Open Schooling, as defined by the European Union, is when educational institutions partner and engage with families and local communities to enhance teaching and learning. Not only does this have a tangible impact on the students, it also puts education at the heart of society, making it integral to local community development. “School leaders should set a vision for creating learning experiences that provide the right tools and support for all students to thrive. Teachers should be collaborators in learning, seeking new knowledge and constantly acquiring new skills alongside their students,” says Sofoklis Sotiriou, head of research and development at Ellinogermaniki Agogi. The OSOS project believes European schools should be incubators of the exploration of ideas and of invention. In accelerating innovation, open schools could have far wider impacts. OSOS has been designing and orchestrating a movement across the EU to transform schools into sites where science teaching is a shared responsibility between leaders, teachers and students. Open Schooling has spread: there are over 1 100 schools participating, in 12 member countries. There are numerous additional schools across the globe. “Everyone benefits through the increase in their communities’ science capital and the development of responsible citizenship,” explains Sotiriou, OSOS project coordinator.
From school to innovative ecosystem
The collaborative activities mean students can move beyond textbooks and gain more direct and tangible experience. “In this way, students develop key skills and intercultural understanding and gain new perspectives on their own learning,” Sotiriou notes. OSOS activities stimulate real scientific work: the use of nanotechnology in different sectors; organic farming and healthy food; working projects with Europe’s aerospace industry; and the analysis of data from large research infrastructures like CERN. In the thousands of projects that have taken place so far, much of the inspiration comes from local needs, challenges and problems. Students have developed early warning systems for earthquakes in the south-east of Europe, which is prone to seismic activity. Others have developed drones to monitor the weather and the humidity of the ground and inform local farmers on the accurate use of water supplies, and performed quality control studies on local olive production. Yet they also spread beyond Earth, says Sotiriou: “They have even designed experiments related to the development of sustainable colonies on other worlds (website in Greek) which were sent to space with the Blue Origin mission.” OSOS projects have delved into the food production chain in cities and worked on ways to make urban areas more sustainable, through low-carbon emission and sustainable solutions for problems based on nature. Others have designed innovative systems for the production of energy based on wind power and sea waves.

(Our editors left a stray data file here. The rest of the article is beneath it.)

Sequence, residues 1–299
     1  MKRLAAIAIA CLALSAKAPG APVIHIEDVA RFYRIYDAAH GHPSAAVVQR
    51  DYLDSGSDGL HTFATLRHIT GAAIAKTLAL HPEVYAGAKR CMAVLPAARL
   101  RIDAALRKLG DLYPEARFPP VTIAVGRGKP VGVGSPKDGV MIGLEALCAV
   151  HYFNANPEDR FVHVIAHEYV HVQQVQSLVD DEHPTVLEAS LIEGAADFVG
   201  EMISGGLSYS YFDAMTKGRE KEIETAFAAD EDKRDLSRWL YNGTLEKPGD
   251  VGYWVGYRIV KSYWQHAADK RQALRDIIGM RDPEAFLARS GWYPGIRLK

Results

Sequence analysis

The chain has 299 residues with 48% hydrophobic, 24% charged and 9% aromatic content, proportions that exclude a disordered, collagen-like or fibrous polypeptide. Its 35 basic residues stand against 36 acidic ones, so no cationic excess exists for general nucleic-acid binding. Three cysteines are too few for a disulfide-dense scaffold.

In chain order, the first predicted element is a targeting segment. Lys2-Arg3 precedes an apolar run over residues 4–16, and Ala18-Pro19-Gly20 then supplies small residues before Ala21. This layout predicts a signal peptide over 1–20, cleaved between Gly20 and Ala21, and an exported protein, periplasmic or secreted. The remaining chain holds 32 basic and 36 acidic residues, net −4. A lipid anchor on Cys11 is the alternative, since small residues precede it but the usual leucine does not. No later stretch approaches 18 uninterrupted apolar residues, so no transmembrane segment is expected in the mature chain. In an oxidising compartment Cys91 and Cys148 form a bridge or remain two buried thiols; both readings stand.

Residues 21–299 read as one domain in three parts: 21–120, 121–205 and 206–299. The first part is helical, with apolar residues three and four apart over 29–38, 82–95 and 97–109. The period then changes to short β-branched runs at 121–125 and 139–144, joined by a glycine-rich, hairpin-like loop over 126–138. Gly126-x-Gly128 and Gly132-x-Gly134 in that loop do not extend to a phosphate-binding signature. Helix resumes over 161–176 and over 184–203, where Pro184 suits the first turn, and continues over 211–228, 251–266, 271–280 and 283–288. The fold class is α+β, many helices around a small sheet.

The EU contribution gave OSOS the chance to bring together a unique team of experts in science education, school organisation and innovation. OSOS aims to evolve into a school innovation mentoring ecosystem, the School Innovation Academy, which will facilitate sustainable change by rewarding innovation in European schools. “If we want a self-sustaining innovative and open culture in schools, we must empower system-aware people to create it, whilst avoiding simply creating interesting but isolated pockets of experimentation,” Sotiriou adds.
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